It’s thought that the Queen is inclined to a name Charles as the King of all of the United Kingdom’s dependencies, including Antigua and Barbuda, Barbados, Belize, Grenada, Jamaica, Papua New Guinea, St. Kitts and Nevis, St. Lucia, St. Vincent and the Grenadines, the Solomon Islands, and Tuvalu.

Prince Edward Earl of Wessex and his wife, Sophie, Countess of Wessex, could become the King and Queen of New Zealand.
If Edward and Sophie are anointed to reign over New Zealand, it’s likely they would initially reside at the Government House of Wellington, the Governor-General’s official residence.

“The Queen hears calls from her subjects to reject globalism, and the public professes a love of sovereignty,” the source explains.  “The Queen’s last gift to her subjects will be to give them more sovereigns so that they have the symbols that inspire national pride and mobilize the energy of nations.”

“Elizabeth inherited an Empire, and she plans to bequeath to her subjects the pride of national identities, which does not come easily with imperialism,” he adds.  “It’s really quite profound from a governance standpoint.”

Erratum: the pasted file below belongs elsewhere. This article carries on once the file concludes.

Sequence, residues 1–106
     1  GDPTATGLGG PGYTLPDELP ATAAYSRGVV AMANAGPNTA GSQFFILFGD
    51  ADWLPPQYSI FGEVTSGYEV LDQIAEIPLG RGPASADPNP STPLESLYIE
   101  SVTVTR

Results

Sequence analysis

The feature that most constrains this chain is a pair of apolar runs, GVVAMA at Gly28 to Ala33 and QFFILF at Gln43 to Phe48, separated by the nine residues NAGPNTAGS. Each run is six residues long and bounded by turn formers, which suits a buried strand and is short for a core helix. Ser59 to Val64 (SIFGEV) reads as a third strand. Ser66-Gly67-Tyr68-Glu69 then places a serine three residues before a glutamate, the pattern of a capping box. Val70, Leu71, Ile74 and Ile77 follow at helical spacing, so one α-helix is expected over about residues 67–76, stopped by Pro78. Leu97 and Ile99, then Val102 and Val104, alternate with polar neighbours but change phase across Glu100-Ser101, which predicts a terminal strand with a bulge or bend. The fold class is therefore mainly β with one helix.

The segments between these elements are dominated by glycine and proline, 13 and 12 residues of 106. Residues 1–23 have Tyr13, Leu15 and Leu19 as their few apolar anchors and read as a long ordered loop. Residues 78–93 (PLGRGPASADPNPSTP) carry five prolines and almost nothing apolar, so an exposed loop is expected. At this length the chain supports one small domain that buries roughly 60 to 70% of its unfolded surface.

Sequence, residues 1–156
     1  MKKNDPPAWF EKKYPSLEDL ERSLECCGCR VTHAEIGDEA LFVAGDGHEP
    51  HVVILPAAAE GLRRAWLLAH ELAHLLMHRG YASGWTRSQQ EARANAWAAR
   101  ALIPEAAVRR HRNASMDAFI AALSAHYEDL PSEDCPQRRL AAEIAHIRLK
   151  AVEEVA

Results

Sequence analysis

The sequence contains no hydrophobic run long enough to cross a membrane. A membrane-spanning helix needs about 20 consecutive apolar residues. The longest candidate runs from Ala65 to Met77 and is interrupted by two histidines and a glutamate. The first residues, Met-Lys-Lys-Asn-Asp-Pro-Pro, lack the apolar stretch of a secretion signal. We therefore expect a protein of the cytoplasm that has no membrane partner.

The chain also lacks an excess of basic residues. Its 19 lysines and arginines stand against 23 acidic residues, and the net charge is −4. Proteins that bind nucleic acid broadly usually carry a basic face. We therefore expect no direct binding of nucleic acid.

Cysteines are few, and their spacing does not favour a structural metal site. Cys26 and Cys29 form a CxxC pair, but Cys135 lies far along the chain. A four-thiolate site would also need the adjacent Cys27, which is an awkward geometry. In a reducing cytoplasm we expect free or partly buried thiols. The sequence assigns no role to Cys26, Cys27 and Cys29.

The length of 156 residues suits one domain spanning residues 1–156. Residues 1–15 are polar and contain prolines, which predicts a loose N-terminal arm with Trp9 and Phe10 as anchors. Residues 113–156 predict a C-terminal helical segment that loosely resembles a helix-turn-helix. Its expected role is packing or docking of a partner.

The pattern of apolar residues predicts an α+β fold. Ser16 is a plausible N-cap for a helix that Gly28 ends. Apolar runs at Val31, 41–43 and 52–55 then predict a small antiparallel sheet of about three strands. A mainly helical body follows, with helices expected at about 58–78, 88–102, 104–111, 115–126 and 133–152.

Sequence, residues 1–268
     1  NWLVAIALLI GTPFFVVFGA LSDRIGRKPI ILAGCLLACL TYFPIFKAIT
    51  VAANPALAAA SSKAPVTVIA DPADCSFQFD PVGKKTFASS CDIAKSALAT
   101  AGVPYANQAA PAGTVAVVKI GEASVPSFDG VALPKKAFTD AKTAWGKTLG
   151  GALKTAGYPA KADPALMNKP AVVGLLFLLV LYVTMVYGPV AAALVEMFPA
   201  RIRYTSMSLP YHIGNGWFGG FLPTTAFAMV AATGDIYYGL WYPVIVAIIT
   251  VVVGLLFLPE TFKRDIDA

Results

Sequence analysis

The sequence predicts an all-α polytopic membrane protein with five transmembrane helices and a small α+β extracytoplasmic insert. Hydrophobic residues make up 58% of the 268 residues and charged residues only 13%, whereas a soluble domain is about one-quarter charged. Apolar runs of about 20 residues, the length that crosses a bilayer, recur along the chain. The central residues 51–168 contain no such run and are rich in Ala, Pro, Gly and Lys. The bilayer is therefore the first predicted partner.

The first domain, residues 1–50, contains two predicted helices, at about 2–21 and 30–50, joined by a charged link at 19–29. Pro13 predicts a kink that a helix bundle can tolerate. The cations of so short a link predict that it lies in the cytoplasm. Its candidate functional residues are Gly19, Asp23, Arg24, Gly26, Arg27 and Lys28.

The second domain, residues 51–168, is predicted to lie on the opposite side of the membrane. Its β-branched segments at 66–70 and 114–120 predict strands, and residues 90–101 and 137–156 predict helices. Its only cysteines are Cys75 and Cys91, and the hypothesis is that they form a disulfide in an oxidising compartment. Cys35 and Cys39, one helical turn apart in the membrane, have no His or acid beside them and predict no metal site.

If the Queen decides to appoint different successors to each of her Thrones, Palace insiders predict that she will overlook Prince Andrew in the line of succession. Princess Beatrice could be named the next Queen of Canada.

 

Rideau Palace in Ottawa is the official residence of the Governor-General of Canada and is the home of Canada’s sovereign.  

The Queen has been considering naming Louis Alphonse de Bourbon, who is seen by many monarchists as ‘the rightful heir to the Throne of France’, as the Count of Quebec, in something of a ‘minor Bourbon restoration’.  The Queen feels that the Province of Quebec should have a symbol of national identity within the Canadian confederation.  Louis Alphonse also happens to be a great-great-great-grandson of Queen Victoria.